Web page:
Council’s Reaction

Marl called it one of the most comprehensive reports he has received since serving on council.

Councillor Nicole Rice questioned Scruggs and Lambert whether they’ve studied the financial strategies listed in the report’s appendix.

Scruggs suggested a task force might look into some of those options, like naming rights, corporate sponsorships, bonds, and grants.

“We would do whatever it takes to get that money,” Scruggs said.

Rice said she was interested in more concrete details when it comes to funding.

“My gut reaction is, more money from the taxpayer for the Rec Center? So my gut reaction is, let’s look at this from where else can money come from before we even remotely discuss this as something we want to pursue,” Rice said. “I agree with all of the outcomes but how do we do it?”

Mayor Marl pointed to a $5 million grant for the wastewater treatment plant project and then noted that the state provides many multi-million-dollar grants for parks and recreation.

Councillor Jim Dell’Orco said he remembered healthcare task force discussions about partnering with a health organization to offer rehab services at the Rec Center. City Manager Colleen O’Toole said there has been no interest to date - but that perhaps improved facilities might increase demand for such a partnership.

Councillor Dean Girbach asked if there was any consideration of rightsizing operations to save money.

“I didn’t see that in here. We’re basically looking at additions and expansions - a build it, they will come kind of approach,” Girbach said. “I didn’t see any approach that considered what would we do if we couldn’t (spend on renovations).”

O’Toole said the Rec Center doesn’t want to reduce programming.

“There’s a lot of walk-in downtime, particularly in the gym,” O’Toole said. “These buildings are built with a life expectancy - and you’re there. So, eventually, doing nothing will give you a building that’s unsafe and you’re going to have zero memberships because you can’t allow people to go in, you’ll have to condemn it.”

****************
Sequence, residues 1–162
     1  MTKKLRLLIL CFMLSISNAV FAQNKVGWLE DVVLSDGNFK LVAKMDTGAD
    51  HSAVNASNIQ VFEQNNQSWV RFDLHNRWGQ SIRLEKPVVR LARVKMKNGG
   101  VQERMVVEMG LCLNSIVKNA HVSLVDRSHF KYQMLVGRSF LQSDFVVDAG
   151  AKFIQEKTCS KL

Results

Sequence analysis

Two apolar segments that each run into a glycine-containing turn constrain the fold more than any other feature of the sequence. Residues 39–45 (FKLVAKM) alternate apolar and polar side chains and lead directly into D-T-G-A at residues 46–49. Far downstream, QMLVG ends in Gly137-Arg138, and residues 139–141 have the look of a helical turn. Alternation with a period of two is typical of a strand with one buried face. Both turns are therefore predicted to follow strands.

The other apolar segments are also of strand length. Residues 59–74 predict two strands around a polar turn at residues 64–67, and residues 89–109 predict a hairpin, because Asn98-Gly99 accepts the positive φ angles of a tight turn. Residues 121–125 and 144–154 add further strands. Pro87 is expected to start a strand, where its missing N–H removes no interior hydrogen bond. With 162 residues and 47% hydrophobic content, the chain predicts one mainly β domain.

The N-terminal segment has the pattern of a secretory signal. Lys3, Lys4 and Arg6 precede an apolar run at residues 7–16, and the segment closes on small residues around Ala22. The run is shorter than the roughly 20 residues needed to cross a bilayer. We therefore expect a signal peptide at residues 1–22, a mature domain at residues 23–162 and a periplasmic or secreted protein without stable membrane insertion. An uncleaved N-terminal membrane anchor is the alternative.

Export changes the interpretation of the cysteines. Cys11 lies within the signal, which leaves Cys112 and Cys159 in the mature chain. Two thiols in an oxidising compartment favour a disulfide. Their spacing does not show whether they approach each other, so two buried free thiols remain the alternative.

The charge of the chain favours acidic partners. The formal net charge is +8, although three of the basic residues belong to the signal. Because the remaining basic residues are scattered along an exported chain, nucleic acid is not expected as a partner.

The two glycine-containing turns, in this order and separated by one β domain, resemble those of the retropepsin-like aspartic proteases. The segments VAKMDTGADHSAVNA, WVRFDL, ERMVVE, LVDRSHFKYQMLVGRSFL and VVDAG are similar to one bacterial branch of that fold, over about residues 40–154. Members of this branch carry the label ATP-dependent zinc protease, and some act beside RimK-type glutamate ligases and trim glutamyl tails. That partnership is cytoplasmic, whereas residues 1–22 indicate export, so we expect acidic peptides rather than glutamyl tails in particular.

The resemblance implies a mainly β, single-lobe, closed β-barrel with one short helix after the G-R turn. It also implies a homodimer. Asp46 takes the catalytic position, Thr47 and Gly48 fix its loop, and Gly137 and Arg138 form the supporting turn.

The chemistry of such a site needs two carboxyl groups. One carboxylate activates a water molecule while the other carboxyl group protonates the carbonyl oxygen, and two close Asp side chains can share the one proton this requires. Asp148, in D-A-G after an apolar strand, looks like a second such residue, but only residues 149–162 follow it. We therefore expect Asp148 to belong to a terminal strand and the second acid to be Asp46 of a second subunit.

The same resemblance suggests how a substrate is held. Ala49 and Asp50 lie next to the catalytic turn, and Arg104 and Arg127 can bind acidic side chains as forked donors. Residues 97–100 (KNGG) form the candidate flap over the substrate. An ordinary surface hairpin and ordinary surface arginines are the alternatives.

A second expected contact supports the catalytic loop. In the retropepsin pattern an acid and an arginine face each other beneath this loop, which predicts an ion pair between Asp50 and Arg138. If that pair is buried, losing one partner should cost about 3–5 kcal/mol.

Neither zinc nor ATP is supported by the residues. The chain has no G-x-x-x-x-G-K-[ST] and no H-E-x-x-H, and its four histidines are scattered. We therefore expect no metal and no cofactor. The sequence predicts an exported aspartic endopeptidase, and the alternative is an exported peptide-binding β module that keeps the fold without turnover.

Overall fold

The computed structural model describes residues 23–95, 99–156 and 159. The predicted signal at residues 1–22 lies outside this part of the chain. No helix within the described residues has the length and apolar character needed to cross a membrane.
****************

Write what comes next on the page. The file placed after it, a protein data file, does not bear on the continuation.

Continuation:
Girbach questioned a recommendation to raise membership fees 25 to 50 percent on non-city residents. Girbach questioned whether that would cut into projected membership gains. But Girbach also said he was concerned because the city was subsidizing memberships for residents who live in nearby townships.

“I don’t know how that’s going to be solved,” Girbach said.

Councillor Janet Dillon questioned whether the pool area had the room to house all the infrastructure and all the people who’d buy memberships to use the new pool.

O’Toole said everything that has been proposed has been scaled to capacity. He noted that 30 percent of the people who buy memberships never enter a building. He said pool capacities can be managed.

And if it gets too busy, that’s a good problem to have, O’Toole said.

Councillor Jack Ceo said he was expecting a report that would talk about ways to save money and raise revenue, so he was surprised to see recommendations to spend millions of dollars.

“My breath was kind of taken away. Can we afford at this time, when we’re spending funds on the wastewater treatment plant, the roads and other infrastructure, can we also then spend that much more money to support the Rec Center?” Ceo asked.

Ceo said staffing has been a challenge and asked how the city would staff an improved facility.

Lambert said finding lifeguards has been a challenge throughout the country. Lambert said the Rec Center raised pay rates, but still has a hard time maintaining staffing, particularly among youth.

Mayor Marl closed the discussion by saying it was the start of a longer conversation. He encouraged residents who attend Rec programs to consider purchasing a membership.